You've probably heard the phrase, “competitive job market.” With a growing workforce, standing out from the competition is becoming increasingly difficult. At The National Society of Leadership and Success (NSLS), one of our goals is to give an edge to members and help them stand out to hiring managers in a tough job environment.
When you apply for that dream role and notice that the job posting has hundreds of applicants, it can be discouraging. But there are key ways you can stand out in front of employers and apart from the competition.
So, how do you stand out in a saturated job market? Here are four ways you can immediately start setting yourself up for career success.
DEVELOP AND BUILD YOUR PERSONAL BRAND
Personal branding doesn't have to be a stressful undertaking. Doing it well also doesn't mean you have to have a million followers or shift your values from who you truly are. In a digital world where many employers require a personal website in addition to a resume, your online persona matters, and the resume is just the beginning.
A big misconception about personal branding is that people feel as though they need to embody the person an employer is looking for instead of being themselves. Employers can sniff out inauthenticity and are ultimately looking for unique perspectives and personalities to balance out their organization.
So, be yourself! Being your authentic self orbits all of the key ways you'll have to stand out to employers. Without that, the other key competencies will fall apart.
HOW TO WRITE A RESUME (EVEN WITH NO EXPERIENCE)
If you're just starting out or finishing college and feel like you have nothing to show on your resume or don't have a foundation for your personal brand, here are some ways you can take initiative and start building your leadership skills and resume right away:
- Volunteer. Coach youth sports or work with local charities. Think outside the box.
- Intern. Reach out to a family friend or local business and tell them you want to start building skills that will help them.
- Reflect. Think back on school projects and highlight the skills implemented. You'd be surprised how transferable those skills will be in the workforce.
Whatever you do, don't wait for opportunities to appear at your front door. As Terry Crews told NSLS members in a recent Speaker Broadcast, you need to seek and seize on opportunities, not wait around for them to appear in front of you.
Here are some other resume-writing tips before you overhaul your current draft:
- Tailor each resume to the job you are applying for. The goal is to draw the shortest line possible between your experience and what's stated in the job description.
- Include quantifiable measurements wherever possible. Don't just mention projects; explain how the project generated X amount of ROI.
- Show potential employers how your skills can directly help their organization in specific ways.
EMBRACE FAILURE AND YOUR FEAR OF THE INTERVIEW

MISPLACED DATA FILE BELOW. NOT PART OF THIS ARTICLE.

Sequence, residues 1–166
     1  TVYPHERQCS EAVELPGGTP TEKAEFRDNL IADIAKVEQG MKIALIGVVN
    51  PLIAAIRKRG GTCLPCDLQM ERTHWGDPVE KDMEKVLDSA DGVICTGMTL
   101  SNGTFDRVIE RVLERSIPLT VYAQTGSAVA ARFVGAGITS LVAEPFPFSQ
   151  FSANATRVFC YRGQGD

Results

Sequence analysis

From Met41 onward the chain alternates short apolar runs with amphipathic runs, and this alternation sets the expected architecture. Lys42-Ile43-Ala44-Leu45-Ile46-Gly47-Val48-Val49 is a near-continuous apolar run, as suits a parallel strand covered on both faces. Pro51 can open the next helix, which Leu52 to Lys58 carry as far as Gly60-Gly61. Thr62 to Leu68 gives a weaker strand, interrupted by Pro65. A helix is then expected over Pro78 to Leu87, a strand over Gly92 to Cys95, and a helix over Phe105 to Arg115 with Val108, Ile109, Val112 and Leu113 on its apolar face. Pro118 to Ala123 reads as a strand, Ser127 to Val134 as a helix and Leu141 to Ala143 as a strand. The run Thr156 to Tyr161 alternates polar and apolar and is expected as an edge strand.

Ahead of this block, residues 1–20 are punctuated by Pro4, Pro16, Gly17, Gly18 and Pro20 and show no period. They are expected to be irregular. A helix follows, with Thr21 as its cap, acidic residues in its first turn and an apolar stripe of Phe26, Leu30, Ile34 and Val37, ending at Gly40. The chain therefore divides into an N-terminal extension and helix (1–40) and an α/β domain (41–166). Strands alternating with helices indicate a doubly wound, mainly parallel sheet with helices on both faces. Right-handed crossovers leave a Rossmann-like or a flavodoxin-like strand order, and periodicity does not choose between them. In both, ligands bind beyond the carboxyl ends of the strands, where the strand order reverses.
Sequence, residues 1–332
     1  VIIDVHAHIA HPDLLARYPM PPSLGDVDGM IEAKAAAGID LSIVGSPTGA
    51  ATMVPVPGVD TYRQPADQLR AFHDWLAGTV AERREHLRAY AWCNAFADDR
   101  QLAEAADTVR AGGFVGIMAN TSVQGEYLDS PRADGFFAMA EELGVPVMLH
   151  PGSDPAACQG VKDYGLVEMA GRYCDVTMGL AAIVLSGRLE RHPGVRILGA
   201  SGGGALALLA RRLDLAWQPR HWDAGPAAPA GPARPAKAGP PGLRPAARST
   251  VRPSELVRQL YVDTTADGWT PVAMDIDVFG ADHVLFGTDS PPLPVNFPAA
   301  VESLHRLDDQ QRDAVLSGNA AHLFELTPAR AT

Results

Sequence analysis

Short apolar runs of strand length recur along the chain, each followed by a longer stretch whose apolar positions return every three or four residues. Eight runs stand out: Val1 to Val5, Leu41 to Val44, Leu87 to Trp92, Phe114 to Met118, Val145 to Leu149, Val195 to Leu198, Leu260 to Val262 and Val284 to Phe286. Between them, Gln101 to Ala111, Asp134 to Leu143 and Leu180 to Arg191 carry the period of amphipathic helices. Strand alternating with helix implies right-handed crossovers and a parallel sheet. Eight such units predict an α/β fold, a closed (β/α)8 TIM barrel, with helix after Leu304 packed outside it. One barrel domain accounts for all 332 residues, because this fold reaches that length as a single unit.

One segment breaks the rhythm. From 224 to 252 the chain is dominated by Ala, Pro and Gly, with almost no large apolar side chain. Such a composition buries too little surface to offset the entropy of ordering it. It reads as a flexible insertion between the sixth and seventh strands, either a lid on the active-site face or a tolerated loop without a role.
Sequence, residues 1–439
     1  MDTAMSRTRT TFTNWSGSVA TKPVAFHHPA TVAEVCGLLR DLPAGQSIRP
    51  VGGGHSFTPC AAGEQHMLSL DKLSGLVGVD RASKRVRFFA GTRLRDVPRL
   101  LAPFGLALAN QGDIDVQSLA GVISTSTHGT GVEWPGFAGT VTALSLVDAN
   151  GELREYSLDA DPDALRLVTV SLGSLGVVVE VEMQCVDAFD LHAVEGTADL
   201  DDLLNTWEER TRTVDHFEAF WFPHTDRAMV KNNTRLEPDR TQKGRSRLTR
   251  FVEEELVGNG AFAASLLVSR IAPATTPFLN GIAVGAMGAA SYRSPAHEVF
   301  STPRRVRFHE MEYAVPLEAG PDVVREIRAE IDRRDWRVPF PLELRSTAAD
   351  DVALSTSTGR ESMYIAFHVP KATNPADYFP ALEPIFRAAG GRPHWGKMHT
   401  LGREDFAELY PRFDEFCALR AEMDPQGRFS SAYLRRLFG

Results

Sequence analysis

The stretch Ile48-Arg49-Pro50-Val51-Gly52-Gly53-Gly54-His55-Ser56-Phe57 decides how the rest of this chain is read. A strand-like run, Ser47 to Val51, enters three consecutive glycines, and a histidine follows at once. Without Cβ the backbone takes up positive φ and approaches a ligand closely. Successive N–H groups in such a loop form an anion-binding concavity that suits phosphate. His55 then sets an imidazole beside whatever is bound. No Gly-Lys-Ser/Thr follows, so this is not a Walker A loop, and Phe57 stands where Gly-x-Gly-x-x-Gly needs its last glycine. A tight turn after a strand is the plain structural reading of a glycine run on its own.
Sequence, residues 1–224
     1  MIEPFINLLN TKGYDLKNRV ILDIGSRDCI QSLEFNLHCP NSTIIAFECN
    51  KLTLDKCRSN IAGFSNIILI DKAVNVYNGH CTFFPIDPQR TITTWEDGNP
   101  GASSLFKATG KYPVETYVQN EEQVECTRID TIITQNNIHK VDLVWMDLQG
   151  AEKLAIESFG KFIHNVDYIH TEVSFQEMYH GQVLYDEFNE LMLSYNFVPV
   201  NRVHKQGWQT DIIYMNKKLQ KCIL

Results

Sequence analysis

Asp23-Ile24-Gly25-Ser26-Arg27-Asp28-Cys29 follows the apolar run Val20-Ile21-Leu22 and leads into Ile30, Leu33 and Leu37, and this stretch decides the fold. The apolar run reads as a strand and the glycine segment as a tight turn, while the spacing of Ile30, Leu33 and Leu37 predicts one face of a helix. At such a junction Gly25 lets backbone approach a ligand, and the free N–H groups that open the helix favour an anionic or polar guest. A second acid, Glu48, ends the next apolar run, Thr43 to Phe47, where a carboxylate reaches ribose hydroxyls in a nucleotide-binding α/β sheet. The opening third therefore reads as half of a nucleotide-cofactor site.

Interviewing is scary. In fact, an astounding majority admit to being nervous for an upcoming interview. Step one of standing out to hiring managers when interviewing is to embrace your nerves, your fear, and the failure that may be the end result. It's part of the process.
Next, put yourself in the best position possible to succeed for the interview. Ultimately, this comes down to preparation. Though you might want to combat nervousness and fear by not thinking about it and jumping right in with confidence, the interviewer will detect how little you know about their organization, or the way you stumble towards a skill you want to highlight through an unrehearsed story.
Here are some ways you can prepare for an interview:
- Read the job description very carefully and take notes.
- Avoid giving canned, internet-sourced answers to typical interview questions.
- Convey the value that you bring and answer with specifics to your own experience.
- Know the organization inside and out, and have follow-up questions prepared.
When asking follow-up questions, keep your best skills in mind. Lean into the projects you’re proud of. Have your key talking points top of mind and don't be afraid to mention an accomplishment more than once.
Right before the interview, go for a walk, listen to calming music, and completely clear your mind. You've done the prep work. Now, it's time to trust it.
When the interview is underway, take deep breaths and pause when necessary—it's normal to take a moment to catch your breath and think. Also be sure to:
- Listen carefully during the interview and ask questions as they come to mind.
- Be your authentic self and let your personality shine through.
- Smile with your face and your voice. Nonverbal communication speaks volumes.
Remember that it should be as much an interview for them as it is for you.
HAVE A GROWTH MINDSET
There’s no point in your career where you can't continue to grow and learn. Whether you're just starting out or are a CEO, career development will always be necessary to develop your skills, adjust to industry changes, and keep honing your hard skills and soft skills.